CBC Saskatchewan's iTeam looked into something you deal with everyday — the temperature of teas and coffees sold in local shops.
Those questions arose after a Winnipeg woman said she is still trying to recover from severe burns she suffered earlier this year from spilling a Tim Horton's tea on her lap.
It happened when Lisa Marchant and her ex-husband Scott Kilbourn got in a fender bender.
Kilbourn said Marchant suffered third degree burns because the tea was too hot.
"How many persons do you have to have that have a burn from a cup of tea or even a coffee before something is done?" Kilbourn said. "And I don't think the government of Canada is doing enough."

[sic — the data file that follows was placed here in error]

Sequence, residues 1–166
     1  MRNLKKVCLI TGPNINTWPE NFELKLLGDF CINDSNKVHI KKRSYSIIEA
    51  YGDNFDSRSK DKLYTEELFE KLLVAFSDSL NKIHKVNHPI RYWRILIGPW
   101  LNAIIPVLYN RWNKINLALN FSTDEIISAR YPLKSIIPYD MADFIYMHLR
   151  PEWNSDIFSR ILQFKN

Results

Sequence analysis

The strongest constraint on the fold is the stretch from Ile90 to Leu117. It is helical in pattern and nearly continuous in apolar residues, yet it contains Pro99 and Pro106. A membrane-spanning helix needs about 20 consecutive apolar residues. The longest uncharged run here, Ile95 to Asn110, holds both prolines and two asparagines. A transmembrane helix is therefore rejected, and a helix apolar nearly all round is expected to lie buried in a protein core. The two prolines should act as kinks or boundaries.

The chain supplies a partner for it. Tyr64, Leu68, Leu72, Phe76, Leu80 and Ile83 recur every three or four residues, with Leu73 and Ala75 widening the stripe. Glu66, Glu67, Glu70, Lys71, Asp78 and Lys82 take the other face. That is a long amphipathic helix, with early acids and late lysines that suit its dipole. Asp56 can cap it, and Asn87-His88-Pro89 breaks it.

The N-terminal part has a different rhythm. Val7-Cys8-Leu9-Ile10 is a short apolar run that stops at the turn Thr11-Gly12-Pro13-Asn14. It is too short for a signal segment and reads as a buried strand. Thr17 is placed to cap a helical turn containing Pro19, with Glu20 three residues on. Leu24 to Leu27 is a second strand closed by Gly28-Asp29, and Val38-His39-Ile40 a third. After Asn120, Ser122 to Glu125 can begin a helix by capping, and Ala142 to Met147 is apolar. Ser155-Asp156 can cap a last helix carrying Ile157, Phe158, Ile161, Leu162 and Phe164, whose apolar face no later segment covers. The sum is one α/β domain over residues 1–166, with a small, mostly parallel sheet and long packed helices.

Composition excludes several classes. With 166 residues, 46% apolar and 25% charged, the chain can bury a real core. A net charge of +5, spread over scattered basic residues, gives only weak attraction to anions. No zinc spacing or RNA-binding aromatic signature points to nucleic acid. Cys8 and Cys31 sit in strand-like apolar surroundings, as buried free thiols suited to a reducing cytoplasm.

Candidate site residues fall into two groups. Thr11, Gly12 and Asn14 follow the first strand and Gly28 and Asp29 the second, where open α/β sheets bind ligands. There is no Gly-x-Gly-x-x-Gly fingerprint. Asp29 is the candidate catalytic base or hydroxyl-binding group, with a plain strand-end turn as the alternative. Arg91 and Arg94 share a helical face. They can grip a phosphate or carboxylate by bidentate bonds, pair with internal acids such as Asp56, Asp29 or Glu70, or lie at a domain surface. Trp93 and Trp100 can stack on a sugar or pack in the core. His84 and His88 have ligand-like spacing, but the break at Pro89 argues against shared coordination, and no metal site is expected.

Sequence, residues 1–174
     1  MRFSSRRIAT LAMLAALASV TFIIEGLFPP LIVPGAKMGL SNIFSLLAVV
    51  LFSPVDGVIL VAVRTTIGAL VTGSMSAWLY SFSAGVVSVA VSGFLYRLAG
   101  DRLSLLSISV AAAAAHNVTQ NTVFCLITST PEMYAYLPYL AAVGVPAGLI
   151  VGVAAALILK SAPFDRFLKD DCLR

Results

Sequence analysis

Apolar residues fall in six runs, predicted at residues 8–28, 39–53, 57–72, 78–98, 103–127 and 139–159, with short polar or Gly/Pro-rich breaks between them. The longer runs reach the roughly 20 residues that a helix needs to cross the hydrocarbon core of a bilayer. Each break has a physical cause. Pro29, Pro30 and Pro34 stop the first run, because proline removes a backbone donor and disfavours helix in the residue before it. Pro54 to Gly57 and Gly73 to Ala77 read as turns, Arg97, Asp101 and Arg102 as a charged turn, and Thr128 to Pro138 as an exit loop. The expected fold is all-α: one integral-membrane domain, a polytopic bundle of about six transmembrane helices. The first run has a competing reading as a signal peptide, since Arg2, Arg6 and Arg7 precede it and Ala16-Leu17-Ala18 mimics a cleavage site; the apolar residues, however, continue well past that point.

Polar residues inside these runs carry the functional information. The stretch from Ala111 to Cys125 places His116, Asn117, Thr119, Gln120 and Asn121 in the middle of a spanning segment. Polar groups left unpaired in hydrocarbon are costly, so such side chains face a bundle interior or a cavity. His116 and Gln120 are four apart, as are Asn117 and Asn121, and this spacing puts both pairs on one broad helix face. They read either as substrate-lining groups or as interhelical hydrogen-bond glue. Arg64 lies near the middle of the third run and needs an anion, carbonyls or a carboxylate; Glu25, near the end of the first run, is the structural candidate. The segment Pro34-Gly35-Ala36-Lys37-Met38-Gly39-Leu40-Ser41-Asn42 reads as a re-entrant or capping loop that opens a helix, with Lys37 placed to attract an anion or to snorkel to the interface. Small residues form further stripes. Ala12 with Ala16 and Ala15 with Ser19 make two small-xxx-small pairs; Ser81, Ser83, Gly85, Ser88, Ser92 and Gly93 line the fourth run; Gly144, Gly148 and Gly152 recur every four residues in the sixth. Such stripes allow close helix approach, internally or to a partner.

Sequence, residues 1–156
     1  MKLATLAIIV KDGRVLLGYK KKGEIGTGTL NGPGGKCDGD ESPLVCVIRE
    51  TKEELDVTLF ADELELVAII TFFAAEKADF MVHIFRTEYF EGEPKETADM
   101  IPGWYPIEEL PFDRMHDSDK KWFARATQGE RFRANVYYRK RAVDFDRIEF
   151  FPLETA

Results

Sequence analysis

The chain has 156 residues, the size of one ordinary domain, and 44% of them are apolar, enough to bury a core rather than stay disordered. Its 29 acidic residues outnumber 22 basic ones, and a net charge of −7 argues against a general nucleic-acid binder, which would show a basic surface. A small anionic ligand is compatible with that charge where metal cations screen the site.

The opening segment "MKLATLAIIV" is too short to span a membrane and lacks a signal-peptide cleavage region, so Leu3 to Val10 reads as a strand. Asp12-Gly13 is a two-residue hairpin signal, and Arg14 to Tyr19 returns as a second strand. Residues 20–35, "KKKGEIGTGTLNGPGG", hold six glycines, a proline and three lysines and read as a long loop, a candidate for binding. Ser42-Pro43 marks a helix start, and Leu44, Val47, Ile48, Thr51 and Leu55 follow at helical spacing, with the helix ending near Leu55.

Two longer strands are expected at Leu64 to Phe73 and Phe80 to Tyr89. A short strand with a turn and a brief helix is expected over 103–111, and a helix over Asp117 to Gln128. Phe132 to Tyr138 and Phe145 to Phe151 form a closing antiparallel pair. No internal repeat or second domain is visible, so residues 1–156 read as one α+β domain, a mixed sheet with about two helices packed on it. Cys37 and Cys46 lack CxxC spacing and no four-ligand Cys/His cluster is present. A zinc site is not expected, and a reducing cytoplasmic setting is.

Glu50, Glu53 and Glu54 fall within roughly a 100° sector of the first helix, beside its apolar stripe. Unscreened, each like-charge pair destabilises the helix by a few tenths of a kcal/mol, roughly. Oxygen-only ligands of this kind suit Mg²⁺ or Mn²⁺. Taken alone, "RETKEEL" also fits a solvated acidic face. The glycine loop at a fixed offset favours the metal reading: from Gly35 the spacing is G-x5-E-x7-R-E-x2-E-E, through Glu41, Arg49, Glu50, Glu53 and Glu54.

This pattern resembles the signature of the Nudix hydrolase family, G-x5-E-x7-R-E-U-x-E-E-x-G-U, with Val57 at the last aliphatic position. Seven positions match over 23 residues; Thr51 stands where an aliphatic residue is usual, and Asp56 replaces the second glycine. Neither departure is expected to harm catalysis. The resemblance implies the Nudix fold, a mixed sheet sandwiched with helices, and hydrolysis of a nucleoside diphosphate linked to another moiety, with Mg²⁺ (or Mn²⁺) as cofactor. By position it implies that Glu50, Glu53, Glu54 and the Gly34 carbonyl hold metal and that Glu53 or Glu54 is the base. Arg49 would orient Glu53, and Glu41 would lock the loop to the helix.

Now the two are pushing for compensation from Tim Hortons, and regulation from Ottawa.
Tim Hortons has denied the request for compensation. It said it follows the temperature guidelines of Canada's tea association.
CBC's iTeam spent a day driving around Regina, testing the temperatures of coffee and tea from different establishments.
This is a map that shows coffee shops around that city, and the temperature that they serve tea and coffee.